When automobiles first debuted in the United States, they faced a classic “chicken and egg” problem. On one hand, autos were custom-made luxury items, affordable only to a niche market of affluent individuals. On the other hand, there was little incentive for most people to buy automobiles in the first place, as the system of roads in America was woefully underdeveloped.
The inner-workings of most commercialized batteries are typically pretty straightforward.
The lead-acid battery, which is the traditional battery used in the automotive sector, is as easy as it gets. Put two lead plates in sulphuric acid, and you’re off to the races.
The creator of the first lithium-ion battery has just released a new battery cell that could mark the next stage of battery development, offering a huge boost for the electric car industry and beyond.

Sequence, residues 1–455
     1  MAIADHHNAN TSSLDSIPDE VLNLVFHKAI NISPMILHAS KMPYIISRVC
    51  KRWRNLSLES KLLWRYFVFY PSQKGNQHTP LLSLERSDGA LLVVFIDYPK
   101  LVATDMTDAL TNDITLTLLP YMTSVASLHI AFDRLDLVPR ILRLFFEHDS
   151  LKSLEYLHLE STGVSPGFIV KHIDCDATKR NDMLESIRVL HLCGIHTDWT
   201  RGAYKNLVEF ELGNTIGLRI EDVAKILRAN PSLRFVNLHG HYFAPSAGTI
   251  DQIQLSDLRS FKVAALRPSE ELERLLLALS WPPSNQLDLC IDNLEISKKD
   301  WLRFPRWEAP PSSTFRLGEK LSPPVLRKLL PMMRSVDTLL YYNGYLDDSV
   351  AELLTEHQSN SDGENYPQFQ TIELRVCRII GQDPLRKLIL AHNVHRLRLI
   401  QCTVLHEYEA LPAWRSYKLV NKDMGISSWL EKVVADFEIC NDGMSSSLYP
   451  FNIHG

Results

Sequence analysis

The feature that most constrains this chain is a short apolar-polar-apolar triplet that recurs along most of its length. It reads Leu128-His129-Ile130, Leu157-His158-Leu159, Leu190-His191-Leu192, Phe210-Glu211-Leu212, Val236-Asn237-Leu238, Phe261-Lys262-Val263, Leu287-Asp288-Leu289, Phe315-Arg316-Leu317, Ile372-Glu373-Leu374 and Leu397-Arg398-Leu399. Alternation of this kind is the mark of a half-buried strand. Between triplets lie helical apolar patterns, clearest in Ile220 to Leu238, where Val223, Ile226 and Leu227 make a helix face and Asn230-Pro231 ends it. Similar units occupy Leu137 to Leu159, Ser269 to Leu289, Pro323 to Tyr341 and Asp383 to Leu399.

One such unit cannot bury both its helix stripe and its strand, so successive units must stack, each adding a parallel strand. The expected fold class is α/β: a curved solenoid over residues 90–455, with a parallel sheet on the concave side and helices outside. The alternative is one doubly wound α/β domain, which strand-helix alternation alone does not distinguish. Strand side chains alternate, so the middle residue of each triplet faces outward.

Tesla’s Gigafactory 1 has been a center of attention for people interested in the growing momentum behind green energy, electric cars, and battery production. Therefore, it is no surprise that this facility was in the news again last month, with Tesla starting to mass produce batteries as it ramps up to its goal of 35GWh of capacity and beyond.
The world is shifting greener.
And while people have always wanted electric cars and inexpensive solar power, the reality is that until recently, battery technology just wasn’t good enough to store energy on an economical or practical basis.
Things have changed, and the green revolution has been kickstarted by battery power. The commercialization of the lithium-ion battery has solved a crucial green energy problem for two major reasons that can be related back to the properties of lithium.